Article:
The process begins when a customer interacts with the user interface to enter relevant information about the documents to be created. Additional information about the request is sourced from any existing data available. The interface stores these requests for documents as jobs in a queue.
[caption id="attachment_827161" align="alignnone" width="500" caption="Our customers interact with our software to request a bundle of generated, data-rich documents. These are stored as jobs in a queue."][/caption]
A separate job service polls this collection of jobs for new work to perform, fetches any required data, flattens the data into presentation models, and delegates to relevant 'DocumentBuilders' to create the documents themselves.
The last stage involves converting the documents to PDF, moving the resultant documents into a folder structure which is then zipped, moved and linked to.
[caption id="attachment_827163" align="alignnone" width="500" caption="The job processor polls the job queue for docgen jobs, and chooses the required document builder(s) to execute the job."][/caption]
The document builders create a word document based on a template document and an XML representation of the data to be injected. They do this following an MVC pattern of sorts; the template is just a view, it has knowledge of data-bindings and that's about it. The document builder is the controller, it initializes the process and passes data to the template, as well as orchestrating post-data-binding manipulations of the template. The model, comes in the form of a POCO which is ultimately serialized to XML and injected into the view by the controller.
To clarify, each document builder is responsible for generating one type of document. They may have intimate knowledge of the view and the model; they are by no means generic. However, there are generic patterns we can apply to common design issues and I will get to those in a later post.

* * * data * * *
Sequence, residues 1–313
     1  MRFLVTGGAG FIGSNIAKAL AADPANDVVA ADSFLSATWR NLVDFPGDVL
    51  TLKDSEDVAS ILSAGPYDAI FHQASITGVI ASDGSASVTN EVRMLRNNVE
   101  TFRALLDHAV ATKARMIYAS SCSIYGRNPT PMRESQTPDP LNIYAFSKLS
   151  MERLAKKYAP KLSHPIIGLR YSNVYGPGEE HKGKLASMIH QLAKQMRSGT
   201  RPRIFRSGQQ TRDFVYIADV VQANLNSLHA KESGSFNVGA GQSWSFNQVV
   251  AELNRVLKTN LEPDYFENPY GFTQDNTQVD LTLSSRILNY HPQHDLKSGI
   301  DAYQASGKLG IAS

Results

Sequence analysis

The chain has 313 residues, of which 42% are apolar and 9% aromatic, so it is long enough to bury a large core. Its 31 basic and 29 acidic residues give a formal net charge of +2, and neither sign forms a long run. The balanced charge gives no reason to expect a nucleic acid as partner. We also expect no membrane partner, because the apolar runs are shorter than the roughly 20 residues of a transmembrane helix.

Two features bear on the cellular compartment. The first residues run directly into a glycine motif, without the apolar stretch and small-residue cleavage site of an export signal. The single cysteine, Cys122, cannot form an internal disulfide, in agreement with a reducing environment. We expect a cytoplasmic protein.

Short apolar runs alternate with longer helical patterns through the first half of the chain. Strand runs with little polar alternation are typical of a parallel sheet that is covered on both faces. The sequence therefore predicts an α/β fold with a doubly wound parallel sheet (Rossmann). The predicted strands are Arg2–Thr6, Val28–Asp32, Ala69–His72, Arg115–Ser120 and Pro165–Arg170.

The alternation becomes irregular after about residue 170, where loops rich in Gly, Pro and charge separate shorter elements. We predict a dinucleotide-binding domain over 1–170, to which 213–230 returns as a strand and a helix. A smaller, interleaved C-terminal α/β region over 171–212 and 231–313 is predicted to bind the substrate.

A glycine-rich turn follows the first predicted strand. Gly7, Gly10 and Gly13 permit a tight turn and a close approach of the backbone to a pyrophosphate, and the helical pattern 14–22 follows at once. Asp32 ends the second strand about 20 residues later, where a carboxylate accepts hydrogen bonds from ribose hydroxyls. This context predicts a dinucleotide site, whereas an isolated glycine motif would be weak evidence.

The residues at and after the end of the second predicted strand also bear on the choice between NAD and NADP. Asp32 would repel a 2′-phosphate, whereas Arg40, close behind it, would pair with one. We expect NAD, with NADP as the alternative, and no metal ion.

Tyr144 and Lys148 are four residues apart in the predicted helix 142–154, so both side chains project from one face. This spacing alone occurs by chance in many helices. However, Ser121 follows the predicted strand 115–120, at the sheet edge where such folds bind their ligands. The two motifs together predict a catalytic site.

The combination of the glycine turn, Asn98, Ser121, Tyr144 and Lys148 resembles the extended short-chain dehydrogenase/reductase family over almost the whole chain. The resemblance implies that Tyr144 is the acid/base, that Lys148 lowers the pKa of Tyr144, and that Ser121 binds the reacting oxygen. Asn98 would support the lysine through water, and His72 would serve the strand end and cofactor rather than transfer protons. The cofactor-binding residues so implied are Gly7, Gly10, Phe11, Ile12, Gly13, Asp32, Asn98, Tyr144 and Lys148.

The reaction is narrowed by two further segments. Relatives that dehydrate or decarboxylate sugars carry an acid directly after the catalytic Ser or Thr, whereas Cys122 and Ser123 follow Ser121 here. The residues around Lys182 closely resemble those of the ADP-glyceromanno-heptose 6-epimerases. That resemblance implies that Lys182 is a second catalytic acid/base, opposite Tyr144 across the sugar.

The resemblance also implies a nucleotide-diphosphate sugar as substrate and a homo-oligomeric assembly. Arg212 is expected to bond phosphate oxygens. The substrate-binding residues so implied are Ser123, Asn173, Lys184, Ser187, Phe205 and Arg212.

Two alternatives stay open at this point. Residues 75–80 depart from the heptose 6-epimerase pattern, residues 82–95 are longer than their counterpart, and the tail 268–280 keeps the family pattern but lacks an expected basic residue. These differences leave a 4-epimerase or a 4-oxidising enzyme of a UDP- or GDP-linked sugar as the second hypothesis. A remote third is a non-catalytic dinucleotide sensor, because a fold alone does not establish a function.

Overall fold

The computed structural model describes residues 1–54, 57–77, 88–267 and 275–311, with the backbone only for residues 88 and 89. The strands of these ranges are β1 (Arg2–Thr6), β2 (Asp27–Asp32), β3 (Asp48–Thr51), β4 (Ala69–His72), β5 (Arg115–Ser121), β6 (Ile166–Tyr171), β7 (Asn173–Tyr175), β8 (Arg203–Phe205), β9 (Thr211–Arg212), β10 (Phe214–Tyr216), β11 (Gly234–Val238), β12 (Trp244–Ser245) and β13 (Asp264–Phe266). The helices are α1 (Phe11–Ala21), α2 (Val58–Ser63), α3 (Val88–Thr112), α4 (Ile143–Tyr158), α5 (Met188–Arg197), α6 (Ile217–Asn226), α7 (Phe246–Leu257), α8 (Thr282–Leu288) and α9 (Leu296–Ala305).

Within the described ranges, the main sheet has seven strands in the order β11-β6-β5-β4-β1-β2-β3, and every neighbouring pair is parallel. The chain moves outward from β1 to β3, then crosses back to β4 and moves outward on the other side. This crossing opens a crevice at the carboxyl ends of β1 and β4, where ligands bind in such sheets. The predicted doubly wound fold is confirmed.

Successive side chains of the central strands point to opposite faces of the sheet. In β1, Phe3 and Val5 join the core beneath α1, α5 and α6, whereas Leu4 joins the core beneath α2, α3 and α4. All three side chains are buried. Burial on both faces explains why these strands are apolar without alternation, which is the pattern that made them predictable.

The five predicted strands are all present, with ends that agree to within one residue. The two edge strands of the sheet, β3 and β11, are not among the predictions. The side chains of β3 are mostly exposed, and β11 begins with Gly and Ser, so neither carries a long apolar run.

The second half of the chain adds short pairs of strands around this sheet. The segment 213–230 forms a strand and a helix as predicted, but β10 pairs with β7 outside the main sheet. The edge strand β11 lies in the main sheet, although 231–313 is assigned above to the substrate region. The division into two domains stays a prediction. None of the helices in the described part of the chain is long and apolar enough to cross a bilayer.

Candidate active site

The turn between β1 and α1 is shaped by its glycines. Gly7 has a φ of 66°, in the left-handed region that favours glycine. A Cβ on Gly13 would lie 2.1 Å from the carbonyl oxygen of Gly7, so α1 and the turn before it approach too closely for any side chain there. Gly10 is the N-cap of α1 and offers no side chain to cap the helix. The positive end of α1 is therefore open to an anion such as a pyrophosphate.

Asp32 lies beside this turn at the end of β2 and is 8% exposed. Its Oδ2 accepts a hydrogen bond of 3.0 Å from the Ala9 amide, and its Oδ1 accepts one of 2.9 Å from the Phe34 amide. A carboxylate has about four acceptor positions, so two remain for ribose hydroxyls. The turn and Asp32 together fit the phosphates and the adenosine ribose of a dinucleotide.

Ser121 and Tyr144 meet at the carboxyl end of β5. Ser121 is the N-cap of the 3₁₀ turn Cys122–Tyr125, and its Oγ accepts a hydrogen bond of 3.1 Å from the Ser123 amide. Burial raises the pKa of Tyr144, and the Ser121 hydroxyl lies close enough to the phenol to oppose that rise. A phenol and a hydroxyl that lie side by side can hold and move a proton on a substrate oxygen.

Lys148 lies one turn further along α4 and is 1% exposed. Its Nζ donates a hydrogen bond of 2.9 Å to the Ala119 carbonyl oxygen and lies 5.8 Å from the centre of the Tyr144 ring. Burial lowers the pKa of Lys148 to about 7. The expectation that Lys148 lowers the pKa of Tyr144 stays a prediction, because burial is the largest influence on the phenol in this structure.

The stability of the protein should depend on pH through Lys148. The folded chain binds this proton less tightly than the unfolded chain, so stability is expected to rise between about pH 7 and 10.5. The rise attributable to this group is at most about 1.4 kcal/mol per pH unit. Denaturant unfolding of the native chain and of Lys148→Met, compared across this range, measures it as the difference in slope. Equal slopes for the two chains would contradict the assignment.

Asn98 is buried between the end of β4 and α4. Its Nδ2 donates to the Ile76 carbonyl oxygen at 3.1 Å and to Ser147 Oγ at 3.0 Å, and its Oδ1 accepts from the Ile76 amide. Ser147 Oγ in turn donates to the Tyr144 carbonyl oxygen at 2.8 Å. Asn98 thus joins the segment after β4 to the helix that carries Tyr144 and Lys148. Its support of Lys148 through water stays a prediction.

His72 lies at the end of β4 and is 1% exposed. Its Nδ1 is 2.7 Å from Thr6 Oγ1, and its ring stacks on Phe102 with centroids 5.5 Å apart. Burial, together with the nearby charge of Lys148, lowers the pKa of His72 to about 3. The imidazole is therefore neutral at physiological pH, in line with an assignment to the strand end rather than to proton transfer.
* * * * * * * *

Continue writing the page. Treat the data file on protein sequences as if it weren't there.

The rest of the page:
Content Controls and CustomXmlParts
At the heart of the design is the concept of content controls: these are a feature of MS Word that allow us to use place holders in a document and bind data to them. I also use them to allow manipulations to the document beyond simple data-binding.
CustomXmlParts are equally integral; these are the buckets in which we pour our view models into. Once hydrated, the content controls in a word document can data bind to nodes in the CustomXmlPart via XPath queries.
Where to go from here
In my next few posts, I'll dive deeper into the preparation of templates, data binding them to XML, various tools I use, and the Document Builders themselves. Along the way I'll be solving some common issues like tables and composing templates. Finally, I'll broach the topic of automated testing and potential for a TDD like approach.
UPDATE: Part two - Databinding with ContentControls is now published.
In the meantime, I'd like to direct you to the sources of information I used to become familiar with Open XML:
While I'm here, I'll just make a quick shout out to my new colleagues on this project George and Paul, whose hard work underpins a lot of the ideas you see here. A special thanks to Darren for encouraging me to get this stuff out in the form of a blog, and challenging my thinking every step of the way. Thanks guys, this is a direct result of your hard work and advice.